Add to this the consideration of divisive subcultures and hate groups, like the Proud Boys or Incels, and you start to see that despite whatever positive opportunities exist for identity and community, there are equally negative and problematic consequences to facilitating long-distance social connections with such ease. Identities and communities founded on bigotry and violence are also better engaged and supported on social media. (But I will admit that this outcome may be unavoidable, and endemic not to social media but to the Internet more broadly. )

Importantly, through their superficial reduction of all things shared and posted, social media have a way of polarizing us on issues of social and political concern (even to the point of motivating us towards a particular group membership or allegiance, sometimes hate-oriented or outright terrorist). It’s one thing to have your love of cat memes reinforced, or your access to celebrity gossip simplified, but it’s another to be repeatedly fed the idea that everything is either black or white—that on every issue, one must choose (toggle between?) yes or no; that everything is either good or bad; or worse, that on every question or debate, one must take a side (political or otherwise), and take it quickly! Evidence is already emerging that viewing political content on social media makes people more polarized on social and political issues. This isn’t an imagined outcome; it’s been demonstrated. And again, what is perhaps most concerning is the oversimplification and superficiality that result. Complex issues and topics are consumed as short headlines and memes, human stories are fit into one- and two-minute reads, and the point quickly becomes lost. If there was one thing we all clearly agreed on in our discussion, it was that information shared on social media lacks substance. Context and depth are sacrificed for the sake of clicking and scrolling. It should be of no surprise then that organized efforts to manipulate people’s attitudes and beliefs regarding real-world issues have proven effective on social media, as seen in the recent dissemination of polarizing information on vaccines and in the 2016 U.S. election (both instigated by a foreign government, no less). But as users (people) themselves are presented superficially, so too are important topics and issues; so too is social discourse itself. Human stories are treated and responded to without humanity; moral judgments are handed down at the click of a button or tweet, as the court of public opinion grows; and news on climate change and social injustice—the stuff that should really matter to us—is mocked, plagued by laughing emojis and divisive comments from trolls and bots. It’s as if we’ve thrown away everything we know to be valuable—temperance, patience, justice, and reflection, even humility—in this particular “evolution” of social connection.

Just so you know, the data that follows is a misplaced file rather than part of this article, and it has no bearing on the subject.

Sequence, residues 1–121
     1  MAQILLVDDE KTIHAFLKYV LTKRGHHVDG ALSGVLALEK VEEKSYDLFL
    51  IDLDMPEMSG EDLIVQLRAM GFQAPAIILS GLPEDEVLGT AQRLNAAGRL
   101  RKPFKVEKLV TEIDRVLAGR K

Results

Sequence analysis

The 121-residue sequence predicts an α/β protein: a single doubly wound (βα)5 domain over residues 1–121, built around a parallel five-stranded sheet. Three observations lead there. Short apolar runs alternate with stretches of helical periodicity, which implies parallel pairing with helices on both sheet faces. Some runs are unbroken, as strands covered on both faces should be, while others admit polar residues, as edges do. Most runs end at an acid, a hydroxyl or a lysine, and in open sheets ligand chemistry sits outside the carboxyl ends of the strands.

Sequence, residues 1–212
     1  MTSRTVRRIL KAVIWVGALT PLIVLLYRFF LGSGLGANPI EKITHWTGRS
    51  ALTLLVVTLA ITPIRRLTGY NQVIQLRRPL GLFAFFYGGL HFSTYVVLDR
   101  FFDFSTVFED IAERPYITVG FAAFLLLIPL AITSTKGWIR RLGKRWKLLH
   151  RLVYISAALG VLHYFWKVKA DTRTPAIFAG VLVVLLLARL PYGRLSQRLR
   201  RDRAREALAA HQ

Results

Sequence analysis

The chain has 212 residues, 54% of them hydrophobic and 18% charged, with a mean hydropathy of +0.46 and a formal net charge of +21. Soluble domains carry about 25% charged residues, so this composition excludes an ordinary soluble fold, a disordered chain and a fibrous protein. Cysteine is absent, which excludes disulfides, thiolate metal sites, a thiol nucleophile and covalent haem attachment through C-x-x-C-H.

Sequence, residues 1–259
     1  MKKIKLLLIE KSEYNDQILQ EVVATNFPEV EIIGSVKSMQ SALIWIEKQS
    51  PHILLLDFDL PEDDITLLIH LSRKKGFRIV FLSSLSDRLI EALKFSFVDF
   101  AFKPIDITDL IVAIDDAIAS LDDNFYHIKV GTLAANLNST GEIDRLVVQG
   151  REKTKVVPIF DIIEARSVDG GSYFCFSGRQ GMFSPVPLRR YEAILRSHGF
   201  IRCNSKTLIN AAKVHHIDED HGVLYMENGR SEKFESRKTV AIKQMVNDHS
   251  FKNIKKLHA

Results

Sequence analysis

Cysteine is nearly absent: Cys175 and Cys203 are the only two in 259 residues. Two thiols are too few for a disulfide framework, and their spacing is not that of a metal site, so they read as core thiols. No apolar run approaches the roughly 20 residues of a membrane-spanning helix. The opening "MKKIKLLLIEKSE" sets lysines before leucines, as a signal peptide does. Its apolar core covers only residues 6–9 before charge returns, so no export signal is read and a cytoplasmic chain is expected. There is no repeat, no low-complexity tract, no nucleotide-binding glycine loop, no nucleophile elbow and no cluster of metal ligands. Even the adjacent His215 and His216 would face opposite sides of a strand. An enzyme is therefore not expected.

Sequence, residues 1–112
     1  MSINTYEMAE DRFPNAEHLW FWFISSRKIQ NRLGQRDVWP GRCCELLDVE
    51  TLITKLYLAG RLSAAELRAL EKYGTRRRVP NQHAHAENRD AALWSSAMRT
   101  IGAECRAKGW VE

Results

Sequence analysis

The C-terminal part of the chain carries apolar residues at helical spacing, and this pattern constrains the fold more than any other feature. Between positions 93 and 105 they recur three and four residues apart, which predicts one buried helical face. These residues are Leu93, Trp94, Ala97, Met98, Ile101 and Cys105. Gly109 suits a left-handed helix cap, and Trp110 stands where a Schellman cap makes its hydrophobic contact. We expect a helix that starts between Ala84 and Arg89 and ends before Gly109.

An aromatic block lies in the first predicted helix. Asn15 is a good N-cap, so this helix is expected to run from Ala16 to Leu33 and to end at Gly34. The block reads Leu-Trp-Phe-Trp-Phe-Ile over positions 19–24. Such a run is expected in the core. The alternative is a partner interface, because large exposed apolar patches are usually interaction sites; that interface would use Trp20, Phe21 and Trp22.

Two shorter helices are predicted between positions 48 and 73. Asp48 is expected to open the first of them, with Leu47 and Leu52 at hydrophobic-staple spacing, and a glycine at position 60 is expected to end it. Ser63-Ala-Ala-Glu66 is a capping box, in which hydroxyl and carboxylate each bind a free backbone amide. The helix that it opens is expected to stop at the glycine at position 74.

The image unavoidably emerges that despite whatever benefits exist, these are (potentially) dangerous spaces for both the individual and society at large. In addition to compromising the mental health of the individual user, social media further remove us from what is real—and from nature itself. Though they may expand our opportunities, they also limit them. They remove us from a place of thoughtful consideration, abandoning critical thinking and forethought, and they sow division in their reductionistic approach to both identity and information. They undoubtedly lack the substance that not only makes our lives more meaningful, but also makes our world—and the issues and challenges we face—more real. I left  our discussion with an important (and problematic) question on my mind: Is this notion of substance, which we all agree is important but lacking, actually incongruent with the fundamental nature of Facebook and social media in the first place? In other words, is it even reasonable to expect substance and depth from a medium that is founded on notions of brevity and speed? Is it reasonable to expect anything other than narcissism and self-indulgence, for example, from an app like Instagram? Or is it at all logical to presume that one could somehow manage to be “real” or “deep” in 280 characters or less?

Although we realized that social media and the technologies on which they are based are likely here to stay, we had a difficult time seeing a clear path out of many of these challenges. Perhaps we can limit our use of social media, at least in order to reduce the impact on our well-being. On the social level, perhaps it’s a matter of education—not just education in general, but specifically on the limitations of these online social spaces, and on the pitfalls of sharing and consuming information with so little opportunity for detail or depth. As users, we do maintain control over how we use social media, after all. Let’s try to use it with a little more awareness.